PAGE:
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Publication numberUS20090225591 A1
Publication typeApplication
Application numberUS 12/465,592
Publication dateSep 10, 2009
Filing dateMay 13, 2009
Priority dateAug 9, 2006
Also published asUS7397689, US7545669, US7859888, US20080037317, US20080130353, WO2008020944A2, WO2008020944A3
Publication number12465592, 465592, US 2009/0225591 A1, US 2009/225591 A1, US 20090225591 A1, US 20090225591A1, US 2009225591 A1, US 2009225591A1, US-A1-20090225591, US-A1-2009225591, US2009/0225591A1, US2009/225591A1, US20090225591 A1, US20090225591A1, US2009225591 A1, US2009225591A1
InventorsJun Liu, Glen Hush, Mike Violette, Mark Ingram
Original AssigneeMicron Technology, Inc.
Export CitationBiBTeX, EndNote, RefMan
External Links: USPTO, USPTO Assignment, Espacenet
Resistive memory device
US 20090225591 A1
Abstract
A device having a resistive memory element, a control device, a digit line and a sensing circuit. The sensing circuit is configured to sense a voltage correlative to a resistance state of the resistive memory element. The sensing circuit if further configured to sense the voltage correlative to the resistance state after a waiting period that is less than or equal to the product of a capacitance of a digit line and a total resistance of the control device.
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Claims(23)
1. A device, comprising:
a resistive memory element;
a sensing circuit coupled to the resistive memory element, wherein the sensing circuit has a waiting period that is substantially shorter than the product of the capacitance of the sensing circuit and a total resistance of the sensing circuit.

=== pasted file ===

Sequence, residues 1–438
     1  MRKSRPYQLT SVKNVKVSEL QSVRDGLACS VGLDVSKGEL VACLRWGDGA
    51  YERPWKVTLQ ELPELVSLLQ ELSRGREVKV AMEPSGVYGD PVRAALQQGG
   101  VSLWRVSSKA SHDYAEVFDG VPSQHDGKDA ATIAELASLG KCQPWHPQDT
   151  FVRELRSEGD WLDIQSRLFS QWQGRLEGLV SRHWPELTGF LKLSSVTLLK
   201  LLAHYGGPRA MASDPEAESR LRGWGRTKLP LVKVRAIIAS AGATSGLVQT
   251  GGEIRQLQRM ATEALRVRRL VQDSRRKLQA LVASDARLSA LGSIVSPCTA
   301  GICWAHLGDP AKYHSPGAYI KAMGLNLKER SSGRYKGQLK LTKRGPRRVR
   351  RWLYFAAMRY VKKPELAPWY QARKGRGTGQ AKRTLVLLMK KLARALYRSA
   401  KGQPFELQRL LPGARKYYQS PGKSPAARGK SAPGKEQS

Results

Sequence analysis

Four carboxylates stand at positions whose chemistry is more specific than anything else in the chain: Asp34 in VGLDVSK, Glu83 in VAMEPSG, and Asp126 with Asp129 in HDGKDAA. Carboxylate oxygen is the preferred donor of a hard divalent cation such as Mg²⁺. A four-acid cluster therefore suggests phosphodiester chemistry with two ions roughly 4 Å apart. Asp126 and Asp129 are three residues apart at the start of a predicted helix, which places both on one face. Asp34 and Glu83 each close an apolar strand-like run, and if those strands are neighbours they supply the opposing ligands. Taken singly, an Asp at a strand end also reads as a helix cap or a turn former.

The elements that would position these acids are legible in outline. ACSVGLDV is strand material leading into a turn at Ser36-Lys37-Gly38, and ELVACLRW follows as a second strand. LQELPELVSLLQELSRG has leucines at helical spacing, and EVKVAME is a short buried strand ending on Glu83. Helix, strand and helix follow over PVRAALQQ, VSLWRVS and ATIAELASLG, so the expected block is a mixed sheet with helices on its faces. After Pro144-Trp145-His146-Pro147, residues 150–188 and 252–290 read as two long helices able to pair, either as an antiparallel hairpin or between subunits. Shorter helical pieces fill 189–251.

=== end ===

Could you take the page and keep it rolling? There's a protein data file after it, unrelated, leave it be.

2. The device of claim 1, wherein the sensing circuit is configured to pull a sensing circuit voltage up or down dependent on a resistance of the resistive memory element.
3. The device of claim 1, wherein the sensing circuit comprises a middle node of a voltage divider.
4. The device of claim 1, comprising an access device having a first terminal coupled to a plurality of resistive memory elements including the resistive memory element and a second terminal coupled to a reference potential.
5. The device of claim 1, wherein the sensing circuit is sensitive to voltages of approximately 50 millivolts.
6. A device, comprising:
a resistive memory element;
a control device coupled to a digit line;
an access device coupled to each of the resistive memory element and the control device; and
a sensing circuit configured to sense a voltage correlative to a resistance state of the resistive memory element, wherein the sensing circuit if configured to sense the voltage after a waiting period that is less than or equal to the product of a capacitance of the digit line and a total resistance of the control device.
7. The device of claim 6, wherein the sensing circuit is sensitive to voltages of less than or equal to approximately 20 millivolts.
8. The device of claim 6, wherein the resistive memory element comprises a phase change material.
9. The device of claim 6, wherein the resistive memory element comprises two resistance states.